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Canadian opposition accuses Trudeau of elbowing lawmaker

The prime minister said it wasn't his intention to hurt anyone as he attempted to escort a lawmaker though a throng of opposition lawmakers in Parliament.

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    Canadian Prime Minister Justin Trudeau apologized "unreservedly" for making physical contact with a female opposition member of Parliament who said he elbowed her in the chest.
    Fred Chartrand/The Canadian Press via AP
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Canadian Prime Minister Justin Trudeau apologized "unreservedly" for making physical contact with a female opposition member of Parliament who said Mr. Trudeau elbowed her in the chest as he waded through a group of mostly opposition lawmakers.

Opposition lawmaker Ruth Ellen Brosseau said she was elbowed in the chest and had to leave the House of Commons chamber Wednesday after feeling overwhelmed.

"I was elbowed in the chest by the prime minister and then I had to leave. It was very overwhelming," she said. "I missed the vote because of this."

Footage from the House of Commons television feed shows Trudeau wading into a clutch of lawmakers, mostly opposition members, and pulling a lawmaker through the crowd in order to get the vote started. As Trudeau turns around to pull the lawmaker through, Ms. Brosseau can be seen reacting with discomfort.

Trudeau, a boxer and former bar bouncer, later stood up in Parliament and said it wasn't his intention to hurt anyone as he attempted to escort the lawmaker though a throng of opposition lawmakers in the chamber. Trudeau said he thought the man was being impeded as he walked up the aisle of the chamber and wanted to help him.

"I took it upon myself to go and assist him forward, which was I now see unadvisable as a course of action," said Trudeau, who characterized his actions as "unacceptable."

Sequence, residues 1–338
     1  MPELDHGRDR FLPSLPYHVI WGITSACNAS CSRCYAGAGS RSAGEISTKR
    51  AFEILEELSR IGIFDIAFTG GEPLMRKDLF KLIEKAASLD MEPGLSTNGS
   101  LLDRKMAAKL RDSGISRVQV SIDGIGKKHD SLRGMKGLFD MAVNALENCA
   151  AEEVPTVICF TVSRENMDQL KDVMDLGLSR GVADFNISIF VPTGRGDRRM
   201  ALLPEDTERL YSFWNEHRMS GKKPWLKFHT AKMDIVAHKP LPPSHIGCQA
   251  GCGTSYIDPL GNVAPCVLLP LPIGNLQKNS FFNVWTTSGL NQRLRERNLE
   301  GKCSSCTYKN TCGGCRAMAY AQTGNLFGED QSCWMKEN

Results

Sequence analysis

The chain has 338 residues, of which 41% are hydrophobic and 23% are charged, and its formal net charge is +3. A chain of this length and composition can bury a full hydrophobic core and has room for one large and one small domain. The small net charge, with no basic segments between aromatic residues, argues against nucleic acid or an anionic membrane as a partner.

"I apologize for that unreservedly and I look for opportunities to make amends," he said.

Opposition New Democrat lawmaker Peter Julian called it a "pretty violent push" and said he had never seen such behavior in his 12 years in Parliament. "Physical force in this House is never permitted," he said. Opposition Conservative Andrew Scheer said he was sitting across from Trudeau and said it was clear he lost his temper.

"He was motivated by anger and lost his temper," Mr. Scheer said. "It is very, very unfortunate. We had a member of Parliament that wasn't able to vote."

Opposition New Democrat leader Thomas Mulcair screamed at Trudeau in the chamber and lawmakers intervened to make sure things didn't escalate.

Tempers have been running high as the government pushes through a motion to limit debate on its controversial assisted-dying legislation.

Opposition Conservative lawmaker Jason Kenney tweeted that if previous Prime Minister Stephen Harper had ever physically bullied members of Parliament like Trudeau, there would be immediate and widespread demands for his resignation.

"No sane person watching that video could come to any conclusion but that it was an accident. Stupid of him to be over there, but come on," political commentator Andrew Coyne tweeted.

Green party Leader Elizabeth May, whose seat in the House of Commons, gave her a ringside seat for the encounter and subsequent arguments, called for calm at one point – and suggested that the New Democrat lawmakers may have been milling about on the floor in order to delay the vote.

"It was most unwise of the prime minister to attempt to move along the vote," Ms. May said. "But the second contact with my friend (Brosseau), which is certainly the one that was the most emotional for the member involved, was clearly, from my perspective ... unintentional."

She added: "He had not seen her behind him. That is the truth. Now you can like it or not like it."

The Speaker concluded that Brosseau's privileges as a Member Parliament had been breached, which means the encounter will be examined by an all-party committee.

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